The Reserve Bank delivered some good news and some bad news for borrowers last week. The good news is that it looks like they are still maintaining a strong focus on driving as much economic growth as possible coming out of Covid-19 and intend raising interest rates only slowly. The bad news is that we’ve been here before and the outcome was interest rates rising for three and a half years and peaking higher than if the Reserve Bank had moved quickly.
That earlier period was from 2004 to 2007 when the official cash rate was increased from 5.0% to 8.25%. One-year fixed mortgage rates went from 6.2% to almost 10%. The Reserve Bank admitted some years after the tightening that they should have moved more quickly.
Our central bank is not perfect
The chances are that this time around they are not paying quite enough attention to the growing list of factors suggesting inflation will go higher and then stay relatively high for some time.
Consider for instance that at 4% the unemployment rate is now a lot lower than the Reserve Bank allowed for in their forecasts. The economy also grew by 2.8% in the June quarter and not the 0.6% which the Reserve Bank had estimated.
Inflation higher than expected
Inflation is sitting well above their expectations at 3.3% and set to soon exceed 4%. A record proportion of businesses have recently reported intentions of increasing their selling prices over the coming year, and we are seeing a continuing stream of rises in prices for transportation and construction materials.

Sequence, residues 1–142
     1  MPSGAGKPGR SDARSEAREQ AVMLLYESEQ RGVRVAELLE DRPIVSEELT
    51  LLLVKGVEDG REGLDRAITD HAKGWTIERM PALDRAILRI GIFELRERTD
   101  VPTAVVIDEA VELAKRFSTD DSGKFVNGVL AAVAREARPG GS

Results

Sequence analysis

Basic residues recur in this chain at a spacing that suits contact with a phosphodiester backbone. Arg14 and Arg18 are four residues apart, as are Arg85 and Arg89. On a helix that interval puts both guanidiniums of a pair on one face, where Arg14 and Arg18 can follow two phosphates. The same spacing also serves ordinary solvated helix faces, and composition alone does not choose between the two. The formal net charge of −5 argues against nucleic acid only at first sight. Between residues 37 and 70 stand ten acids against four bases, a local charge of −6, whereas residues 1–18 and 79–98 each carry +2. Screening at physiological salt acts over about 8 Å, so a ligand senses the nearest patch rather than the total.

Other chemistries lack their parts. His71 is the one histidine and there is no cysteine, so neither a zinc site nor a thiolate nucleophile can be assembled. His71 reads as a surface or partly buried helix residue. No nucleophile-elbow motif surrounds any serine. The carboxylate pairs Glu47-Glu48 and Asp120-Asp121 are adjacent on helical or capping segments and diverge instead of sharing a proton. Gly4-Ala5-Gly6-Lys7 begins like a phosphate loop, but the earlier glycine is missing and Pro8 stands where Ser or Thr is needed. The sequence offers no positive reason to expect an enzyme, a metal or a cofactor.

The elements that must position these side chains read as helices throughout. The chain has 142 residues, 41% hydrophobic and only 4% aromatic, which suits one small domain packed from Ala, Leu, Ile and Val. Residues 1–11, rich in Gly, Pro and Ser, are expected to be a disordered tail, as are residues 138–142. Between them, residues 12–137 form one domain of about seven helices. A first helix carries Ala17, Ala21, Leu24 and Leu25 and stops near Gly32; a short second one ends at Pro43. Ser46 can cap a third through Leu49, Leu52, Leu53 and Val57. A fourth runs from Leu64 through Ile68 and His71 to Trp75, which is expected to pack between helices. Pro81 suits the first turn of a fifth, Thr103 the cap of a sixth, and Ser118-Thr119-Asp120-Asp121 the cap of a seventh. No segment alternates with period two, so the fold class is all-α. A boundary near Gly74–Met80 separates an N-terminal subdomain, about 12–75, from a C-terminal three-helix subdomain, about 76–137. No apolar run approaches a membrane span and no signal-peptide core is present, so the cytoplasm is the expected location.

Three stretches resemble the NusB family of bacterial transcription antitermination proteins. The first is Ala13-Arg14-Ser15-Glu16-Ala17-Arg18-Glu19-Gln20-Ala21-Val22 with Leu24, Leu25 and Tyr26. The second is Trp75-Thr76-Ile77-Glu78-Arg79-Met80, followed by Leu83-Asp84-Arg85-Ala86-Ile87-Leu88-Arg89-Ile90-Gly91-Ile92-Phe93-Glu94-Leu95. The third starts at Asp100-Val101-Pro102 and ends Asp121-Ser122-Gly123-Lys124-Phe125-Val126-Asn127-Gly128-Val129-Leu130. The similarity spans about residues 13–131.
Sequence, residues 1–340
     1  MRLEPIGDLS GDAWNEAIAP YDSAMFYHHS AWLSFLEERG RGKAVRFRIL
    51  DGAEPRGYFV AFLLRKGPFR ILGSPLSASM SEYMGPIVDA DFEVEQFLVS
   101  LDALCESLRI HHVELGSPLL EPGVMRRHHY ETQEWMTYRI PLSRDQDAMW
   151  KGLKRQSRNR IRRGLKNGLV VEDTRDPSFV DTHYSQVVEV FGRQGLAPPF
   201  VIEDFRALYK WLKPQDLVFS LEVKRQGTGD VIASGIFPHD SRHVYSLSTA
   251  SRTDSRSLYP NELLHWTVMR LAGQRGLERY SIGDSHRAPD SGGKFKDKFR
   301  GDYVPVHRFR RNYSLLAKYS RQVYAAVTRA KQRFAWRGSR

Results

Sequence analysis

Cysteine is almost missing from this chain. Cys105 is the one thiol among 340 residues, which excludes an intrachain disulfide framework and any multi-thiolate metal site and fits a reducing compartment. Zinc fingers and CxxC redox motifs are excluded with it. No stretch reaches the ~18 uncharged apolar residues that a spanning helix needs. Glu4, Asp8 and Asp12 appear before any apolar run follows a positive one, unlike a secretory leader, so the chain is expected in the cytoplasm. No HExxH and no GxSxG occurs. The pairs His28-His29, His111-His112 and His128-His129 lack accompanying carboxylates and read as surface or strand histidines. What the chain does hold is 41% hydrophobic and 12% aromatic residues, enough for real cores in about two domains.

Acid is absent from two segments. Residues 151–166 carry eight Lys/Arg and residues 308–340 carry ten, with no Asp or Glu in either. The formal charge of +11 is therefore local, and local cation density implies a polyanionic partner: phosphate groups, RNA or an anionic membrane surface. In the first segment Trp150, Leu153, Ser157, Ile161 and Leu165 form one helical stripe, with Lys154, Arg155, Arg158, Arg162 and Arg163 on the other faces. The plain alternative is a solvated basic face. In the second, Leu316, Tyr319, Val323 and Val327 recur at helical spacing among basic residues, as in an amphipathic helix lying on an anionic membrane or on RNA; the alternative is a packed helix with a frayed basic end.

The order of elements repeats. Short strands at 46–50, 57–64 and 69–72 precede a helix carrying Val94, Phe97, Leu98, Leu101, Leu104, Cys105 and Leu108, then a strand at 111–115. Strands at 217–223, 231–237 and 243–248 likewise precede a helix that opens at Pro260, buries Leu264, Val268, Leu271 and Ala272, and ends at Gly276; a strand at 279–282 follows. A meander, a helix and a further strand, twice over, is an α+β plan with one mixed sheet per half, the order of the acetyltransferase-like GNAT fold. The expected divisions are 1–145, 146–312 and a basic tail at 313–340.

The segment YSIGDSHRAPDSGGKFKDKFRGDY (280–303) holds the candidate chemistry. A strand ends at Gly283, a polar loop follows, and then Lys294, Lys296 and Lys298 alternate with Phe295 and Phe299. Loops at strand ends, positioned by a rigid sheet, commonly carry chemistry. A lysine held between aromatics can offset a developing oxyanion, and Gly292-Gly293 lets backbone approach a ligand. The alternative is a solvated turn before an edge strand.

There are data in hand showing businesses face the lowest level of difficulty finding new customers since 1974. Yet problems sourcing labour keep growing and wages growth has picked up much sooner than any of us were thinking.
For the moment, the common view afoot is that the official cash rate may only need to rise by 1.25% - 1.75% from its current 0.25% level. But the risk is that the increase needs to be closer to 2.5% given the range of factors revealing rising inflation and because of one special thing in particular.
There is a strong view that many of the factors causing inflation to rise here and overseas are temporary. This is true. But the period during which these temporary factors will be in operation looks like stretching out a lot longer than allowed for. This brings a rising risk of high inflation feeding into higher wage claims which feed then into higher increases in business selling prices.
The chances of those selling prices going up has been boosted by supply chain disruptions making it hard for consumers to shop online and find cheaper alternatives. Businesses have regained some of the pricing power lost to internet search engines some 10-15 years ago.
For borrowers the main implication of these various forces is that interest rates are headed higher, and at some stage when the Covid situation is more manageable, the Reserve Bank is likely to undertake a period of catch-up rate rises to get inflation expectations and eventually actual inflation back in check.
The incentive for borrowers remains to shift more of one’s interest rate resetting away from the one-year term towards three years or thereabouts.
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